BY PATRICIA TAFT*
Delta is the second most populous state in the Niger Delta, with an estimated 4.1 million people. The state produces about 35% of Nigeria’s crude oil and a considerable amount of its natural gas. It is also rich in root and tuber crops, such as potatoes, yams, cassava, and coco yams. Delta has a legacy of ethnic and political tensions which flared in the late 1990s and again in 2003.
The 2009 Amnesty Program was instrumental in reducing violence and fatalities associate with militancy. In 2010, however, there was a spike in insurgency/counter-insurgency activity with a notable incident that reportedly occurred in the Burutu Local Government Area (LGA) in December.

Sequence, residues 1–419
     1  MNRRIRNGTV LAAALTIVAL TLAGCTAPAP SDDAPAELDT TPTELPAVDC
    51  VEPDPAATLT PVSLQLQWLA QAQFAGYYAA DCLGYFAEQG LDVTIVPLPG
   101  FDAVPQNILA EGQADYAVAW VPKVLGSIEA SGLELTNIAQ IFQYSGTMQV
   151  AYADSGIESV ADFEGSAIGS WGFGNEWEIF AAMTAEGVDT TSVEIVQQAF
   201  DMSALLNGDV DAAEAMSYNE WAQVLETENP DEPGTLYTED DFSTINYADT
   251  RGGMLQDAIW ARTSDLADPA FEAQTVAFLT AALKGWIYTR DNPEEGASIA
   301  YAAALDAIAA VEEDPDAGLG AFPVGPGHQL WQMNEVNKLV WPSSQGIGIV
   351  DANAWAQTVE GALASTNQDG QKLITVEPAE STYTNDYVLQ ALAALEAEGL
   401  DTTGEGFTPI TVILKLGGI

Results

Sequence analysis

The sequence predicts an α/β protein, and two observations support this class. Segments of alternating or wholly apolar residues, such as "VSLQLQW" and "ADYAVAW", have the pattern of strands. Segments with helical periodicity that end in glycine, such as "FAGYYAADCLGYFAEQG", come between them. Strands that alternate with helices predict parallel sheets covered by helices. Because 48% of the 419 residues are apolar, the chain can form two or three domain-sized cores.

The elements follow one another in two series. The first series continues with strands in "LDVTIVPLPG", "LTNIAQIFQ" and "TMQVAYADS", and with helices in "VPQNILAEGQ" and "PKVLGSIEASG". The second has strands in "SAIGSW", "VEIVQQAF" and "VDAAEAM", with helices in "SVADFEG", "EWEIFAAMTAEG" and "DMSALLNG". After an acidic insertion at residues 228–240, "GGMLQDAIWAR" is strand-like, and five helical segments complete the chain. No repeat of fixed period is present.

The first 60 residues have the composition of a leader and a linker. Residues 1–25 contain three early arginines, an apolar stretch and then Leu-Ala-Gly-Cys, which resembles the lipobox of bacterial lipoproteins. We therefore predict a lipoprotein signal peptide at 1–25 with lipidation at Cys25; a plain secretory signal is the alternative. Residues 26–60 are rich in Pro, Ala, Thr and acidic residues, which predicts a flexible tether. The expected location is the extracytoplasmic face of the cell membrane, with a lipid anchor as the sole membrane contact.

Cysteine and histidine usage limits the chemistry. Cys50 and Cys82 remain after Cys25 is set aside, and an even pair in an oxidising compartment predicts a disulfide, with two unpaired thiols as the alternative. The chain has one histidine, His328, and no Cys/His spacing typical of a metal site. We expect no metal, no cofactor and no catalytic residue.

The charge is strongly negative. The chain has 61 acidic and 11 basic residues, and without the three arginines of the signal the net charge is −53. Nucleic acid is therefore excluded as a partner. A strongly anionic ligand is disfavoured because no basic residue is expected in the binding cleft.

In 2011, the governor dismissed all elected local government chairmen and replaced them with Caretaker Committee Chairmen. Now, after two years, LGA-level elections are expected to take place on October 25, 2014. During 2012 and 2013, reported incidents included gang violence, criminality, and vigilante/mob justice.
There were a number of abductions, some targeting political figures, their family members, or oil workers. There were several reports of alleged abuses by public security forces, which sometimes provoked mob violence and protest. Conflict risk factors continued into mid-2014 with reports of abductions and communal violence.
This Conflict Bulletin provides a brief snapshot of the trends and patterns of conflict risk factors at the State and LGA levels, drawing on the data available on the P4P Digital Platform for Multi-Stakeholder Engagement (www.p4p-nigerdelta.org). The summaries draw on data collected by FFP’s UNLocK, the Council on Foreign Relations’ NST, WANEP Nigeria, CSS/ETH Zurich, Nigeria Watch, and ACLED integrated on the P4P platform.
*Marcella Aguirre also contributed to this report.